Adani’s plans for huge new coal mines in India’s Hasdeo forests have created a political stoush involving three governments. One state government has asked the national government to revoke mining permits. Another wants the coal. And the national government says the decision to destroy the forests has already been made. In the midst of all this is Rahul Gandhi, one of India’s most prominent politicians. He has supported the cause of indigenous villagers who want the forests saved. But can he prevail in a messy political environment where his political opponents, and some of his party colleagues, are focussing on ‘energy security’?
The Adani Group has three current coal-mining projects in the Hasdeo forests of the central Indian state of Chhattisgarh. The local Adivasi (indigenous) people have fought long and hard to protect their ancestral lands from these hugely destructive mines.
The Hasdeo forests encompass 18 major coal deposits in a landscape that is home to a diverse array of mammals (including elephants), fish, reptiles, birds and over 80 species of tree. Local people have tended these forests, including sacred groves of trees, for hundreds of years.
On 4 December 2022, a representative of the Committee to Save the Hasdeo Forests met the Indian politician Rahul Gandhi of the Indian National Congress Party. He asked Gandhi to intervene and present the case of the Hasdeo Adaivasi to the government of the central Indian state of Chhattisgarh, which is held by his Congress party, to stop the ongoing expansion of an Adani coal mine in the Hasdeo forests.
Gandhi is about halfway through leading his supporters on a 3500-kilometre five-month march across the length of India, named the Bharat Jodo Yatra or the March to Unite India. Alok Shukla, a co-convenor of the committee, told AdaniWatch that he joined the march for a day and had a brief meeting with Gandhi.
‘I told him that the Congress government in Chhattisgarh had resumed felling trees to expand the Parsa East Kente Basen (PEKB) coal mine, going back on a promise made by the state’s Chief Minister Bhupesh Baghel a few months ago to halt the expansion process,’ Shukla said.
‘The residents of the Hasdeo forest region have been agitating against the tree-felling for months now, but we are not getting any response from the [state] government. I reminded Mr Gandhi that the state government has the authority to cancel the approvals granted to the expansion project and urged him to intervene with his colleagues in the Chhattisgarh unit of his party.’
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Chhattisgarh government’s failing balancing act
The state government of Chhattisgarh has been attempting to walk a tight rope over the past year on the issue of coal mining in the Hasdeo forests.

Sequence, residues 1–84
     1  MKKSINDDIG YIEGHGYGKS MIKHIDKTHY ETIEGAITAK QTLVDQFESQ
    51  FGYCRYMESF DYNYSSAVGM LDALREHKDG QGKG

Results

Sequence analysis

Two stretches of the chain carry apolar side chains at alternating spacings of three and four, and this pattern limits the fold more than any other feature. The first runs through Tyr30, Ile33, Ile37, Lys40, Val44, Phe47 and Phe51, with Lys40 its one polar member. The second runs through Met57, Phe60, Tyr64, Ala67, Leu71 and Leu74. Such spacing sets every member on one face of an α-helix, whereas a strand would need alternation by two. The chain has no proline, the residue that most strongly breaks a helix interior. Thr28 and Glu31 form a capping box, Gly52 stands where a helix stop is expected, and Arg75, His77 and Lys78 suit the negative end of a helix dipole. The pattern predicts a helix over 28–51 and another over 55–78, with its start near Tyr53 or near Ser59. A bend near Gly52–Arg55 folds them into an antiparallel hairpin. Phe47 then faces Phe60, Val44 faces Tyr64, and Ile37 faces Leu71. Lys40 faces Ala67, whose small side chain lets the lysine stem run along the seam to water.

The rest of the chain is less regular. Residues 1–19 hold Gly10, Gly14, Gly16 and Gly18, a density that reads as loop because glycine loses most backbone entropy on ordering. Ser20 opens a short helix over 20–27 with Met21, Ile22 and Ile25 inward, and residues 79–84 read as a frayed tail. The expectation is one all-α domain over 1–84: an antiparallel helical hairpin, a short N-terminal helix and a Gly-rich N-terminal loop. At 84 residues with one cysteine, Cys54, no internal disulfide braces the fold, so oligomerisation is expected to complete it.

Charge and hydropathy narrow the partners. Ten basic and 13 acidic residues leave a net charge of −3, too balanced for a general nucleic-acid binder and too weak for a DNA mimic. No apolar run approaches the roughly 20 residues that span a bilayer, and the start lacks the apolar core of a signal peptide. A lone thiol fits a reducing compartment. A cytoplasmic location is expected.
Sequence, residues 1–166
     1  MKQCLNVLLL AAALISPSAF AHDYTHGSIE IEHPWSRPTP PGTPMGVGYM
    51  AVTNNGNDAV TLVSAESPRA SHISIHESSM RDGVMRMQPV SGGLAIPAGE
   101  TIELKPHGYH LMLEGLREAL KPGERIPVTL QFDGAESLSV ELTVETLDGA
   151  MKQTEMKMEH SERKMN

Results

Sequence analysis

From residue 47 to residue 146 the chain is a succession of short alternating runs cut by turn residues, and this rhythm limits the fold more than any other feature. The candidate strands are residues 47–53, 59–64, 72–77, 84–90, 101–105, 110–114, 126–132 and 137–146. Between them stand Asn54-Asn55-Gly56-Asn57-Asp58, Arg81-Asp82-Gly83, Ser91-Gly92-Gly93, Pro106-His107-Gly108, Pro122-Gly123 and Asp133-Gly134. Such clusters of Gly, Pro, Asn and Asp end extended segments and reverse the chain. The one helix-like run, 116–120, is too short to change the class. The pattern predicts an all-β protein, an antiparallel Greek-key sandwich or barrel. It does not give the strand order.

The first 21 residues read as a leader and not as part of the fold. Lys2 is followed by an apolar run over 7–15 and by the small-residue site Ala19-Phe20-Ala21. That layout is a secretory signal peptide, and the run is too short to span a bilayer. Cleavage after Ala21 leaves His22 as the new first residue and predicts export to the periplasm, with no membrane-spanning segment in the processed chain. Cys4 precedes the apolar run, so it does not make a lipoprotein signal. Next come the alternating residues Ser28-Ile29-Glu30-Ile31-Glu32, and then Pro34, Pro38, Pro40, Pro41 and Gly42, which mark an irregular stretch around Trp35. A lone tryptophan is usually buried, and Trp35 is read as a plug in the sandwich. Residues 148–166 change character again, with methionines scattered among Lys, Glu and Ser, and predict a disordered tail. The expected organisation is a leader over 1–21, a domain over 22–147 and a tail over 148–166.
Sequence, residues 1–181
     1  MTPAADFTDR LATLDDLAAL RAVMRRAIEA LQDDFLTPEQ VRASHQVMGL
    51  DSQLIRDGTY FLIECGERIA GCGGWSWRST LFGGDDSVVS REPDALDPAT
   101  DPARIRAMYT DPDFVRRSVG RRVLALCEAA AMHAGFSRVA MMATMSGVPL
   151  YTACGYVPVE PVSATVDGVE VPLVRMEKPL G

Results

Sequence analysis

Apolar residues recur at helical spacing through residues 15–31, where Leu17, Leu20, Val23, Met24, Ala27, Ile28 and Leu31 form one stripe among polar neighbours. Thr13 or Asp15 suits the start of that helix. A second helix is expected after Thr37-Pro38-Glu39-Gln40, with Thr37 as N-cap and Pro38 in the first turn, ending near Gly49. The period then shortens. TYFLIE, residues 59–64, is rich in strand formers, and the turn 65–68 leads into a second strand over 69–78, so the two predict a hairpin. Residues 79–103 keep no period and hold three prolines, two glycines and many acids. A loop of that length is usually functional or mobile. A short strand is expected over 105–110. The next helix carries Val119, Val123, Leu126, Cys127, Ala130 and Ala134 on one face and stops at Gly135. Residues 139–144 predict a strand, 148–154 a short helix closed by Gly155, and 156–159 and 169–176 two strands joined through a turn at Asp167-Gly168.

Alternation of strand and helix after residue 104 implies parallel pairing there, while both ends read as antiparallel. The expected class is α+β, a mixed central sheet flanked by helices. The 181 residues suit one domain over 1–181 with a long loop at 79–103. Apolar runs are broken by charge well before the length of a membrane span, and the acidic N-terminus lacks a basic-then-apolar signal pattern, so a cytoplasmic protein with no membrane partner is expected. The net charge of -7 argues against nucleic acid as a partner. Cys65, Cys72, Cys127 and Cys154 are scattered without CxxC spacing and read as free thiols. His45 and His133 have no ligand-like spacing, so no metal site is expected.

On the one hand, Baghel’s administration is facing pressure from the western state of Rajasthan (which is also ruled by a Congress party government), to expand the PEKB coal mine and allow two additional proposed mines to begin operations. These additional coal projects, Kente Extension and Parsa, are adjacent to the existing PEKB mine and would result in the razing of multiple villages of Adivasi and the surrounding forests.
All three mines are contracted to the Adani Group, and all three are to supply their coal to power stations in Rajasthan. The government of Rajasthan argues that it faces an acute coal shortage, and that coal supply from the PEKB coal mine (which the Adani company has been mining since 2013) is on the verge of running out, necessitating expanding this mine, and commencing operations at the two other proposed mines as well. In March this year, Baghel met with his counterpart from Rajasthan, Ashok Gehlot, and agreed to facilitate the expansions of coal mining.
On the other hand, Baghel’s administration has had to respond to the growing political challenge posed by a popular movement against coal mining in the Hasdeo forests. The resistance is spearheaded by the Hasdeo Aranya Bachao Sangharsh Samiti (HABSS – the Committee to Save the Hasdeo Forest), which enjoys the support of sections of Baghel’s party and government.
Gandhi occupies no formal position in the party but is a member of its ‘first family’ – descendants of former Indian Prime Ministers Jawaharlal Nehru, Indira Gandhi and Rajiv Gandhi. He first expressed his support for the Adivasi campaign against coal mining in 2015, when he was the vice-president of the party. Closer to home, the state government’s Health Minister, Tribhuvaneshwar Saran Singh Deo, who is the elected representative from the Hasdeo region in the state’s assembly, is also a public supporter of HABSS and an opponent of the coal mines.